Costumed Characters Gather in Protest of Tax Credit Program
April 1, 2016
New York City officials have voted for a controversial tax credit program in a purported effort to reduce crime in Times Square. The credits will be offered to repeat criminal offenders known to run afoul of the law in the busy district, but who have not committed an offense in the most recent tax year.
The new program received unanimous support from the city council, but critics assail the credits as a backdoor effort to restrict the activity of costumed characters; reportedly, the characters’ pleas for recompense have become increasingly aggressive.
J. Jonah Jameson, editor-in-chief of the Daily Bugle, echoed the logic of the costumed characters in a scathing editorial, but then attempts to flip their argument on its head.
“It is time to push back against these heinous, street ravaging menaces,” writes Jameson. “Nothing else has worked, so it’s time we hit ‘em where it hurts—we kneecap their cottage crime-fighting industry by paying criminals to stay home.”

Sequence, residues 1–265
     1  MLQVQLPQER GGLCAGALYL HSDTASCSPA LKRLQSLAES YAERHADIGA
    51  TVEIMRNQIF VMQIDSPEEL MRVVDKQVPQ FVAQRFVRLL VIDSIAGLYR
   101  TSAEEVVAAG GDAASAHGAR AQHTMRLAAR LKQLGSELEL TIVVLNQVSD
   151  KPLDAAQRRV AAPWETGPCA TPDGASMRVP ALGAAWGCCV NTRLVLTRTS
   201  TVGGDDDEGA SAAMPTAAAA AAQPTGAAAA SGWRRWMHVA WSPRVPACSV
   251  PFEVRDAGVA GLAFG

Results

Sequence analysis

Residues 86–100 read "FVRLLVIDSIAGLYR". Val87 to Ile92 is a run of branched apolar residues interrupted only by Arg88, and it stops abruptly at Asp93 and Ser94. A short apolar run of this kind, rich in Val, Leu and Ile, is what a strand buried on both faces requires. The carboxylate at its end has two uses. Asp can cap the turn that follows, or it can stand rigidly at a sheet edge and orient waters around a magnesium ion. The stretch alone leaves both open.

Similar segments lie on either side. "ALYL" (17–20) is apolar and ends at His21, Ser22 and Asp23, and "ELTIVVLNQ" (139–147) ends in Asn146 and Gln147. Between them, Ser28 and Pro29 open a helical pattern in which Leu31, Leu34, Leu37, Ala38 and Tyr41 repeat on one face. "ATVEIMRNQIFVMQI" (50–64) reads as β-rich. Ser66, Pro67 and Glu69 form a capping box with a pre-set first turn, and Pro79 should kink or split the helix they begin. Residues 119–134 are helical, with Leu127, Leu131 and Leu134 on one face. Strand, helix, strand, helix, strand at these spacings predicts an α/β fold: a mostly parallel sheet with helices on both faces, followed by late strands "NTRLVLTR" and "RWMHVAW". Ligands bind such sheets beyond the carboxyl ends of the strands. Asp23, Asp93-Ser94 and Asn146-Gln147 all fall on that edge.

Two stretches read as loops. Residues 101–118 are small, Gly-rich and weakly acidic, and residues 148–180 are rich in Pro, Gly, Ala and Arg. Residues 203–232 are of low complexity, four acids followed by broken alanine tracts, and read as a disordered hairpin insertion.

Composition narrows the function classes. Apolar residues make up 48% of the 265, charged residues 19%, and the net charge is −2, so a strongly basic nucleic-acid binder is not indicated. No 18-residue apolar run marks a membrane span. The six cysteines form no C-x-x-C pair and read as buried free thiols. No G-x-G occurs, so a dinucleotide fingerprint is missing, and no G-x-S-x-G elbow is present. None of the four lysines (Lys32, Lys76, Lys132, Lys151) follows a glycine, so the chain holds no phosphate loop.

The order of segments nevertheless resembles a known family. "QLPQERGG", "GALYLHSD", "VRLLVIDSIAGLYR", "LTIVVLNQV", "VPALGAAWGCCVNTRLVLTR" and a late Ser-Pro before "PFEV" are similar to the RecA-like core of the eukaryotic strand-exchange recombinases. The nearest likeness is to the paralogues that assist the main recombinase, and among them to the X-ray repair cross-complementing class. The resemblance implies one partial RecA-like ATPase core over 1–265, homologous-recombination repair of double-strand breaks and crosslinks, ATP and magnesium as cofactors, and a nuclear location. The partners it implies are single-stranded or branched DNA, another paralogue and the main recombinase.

The masked men and women are not without supporters, though, and the pushback has been energetic.
“Valuable political capital is being cast in an effort to remove masked avengers from the streets. This is as clear an illustration of cronyism as I’ve ever seen tangled in the web of politics,” said Peter Parker, a native of Forest Hills, New York, during public comment to the city council.
Supporters of costumed characters scorned city officials from the steps of city hall, too.
“This city is afraid of me. I have seen its true face,” said a scowling Walter Kovacs to a pool of confused reporters, with allies Dan Dreiberg and Laurie Juspeczyk standing at a distance. “The accumulated filth will foam up about their waists, and politicians will look up and shout, ‘Save us!’ and I’ll look down and whisper, ‘No.’”
The tax credits, which the Justice League disparaged as “universally unpopular” in a publically released statement, will be offered to eligible individuals beginning next tax season.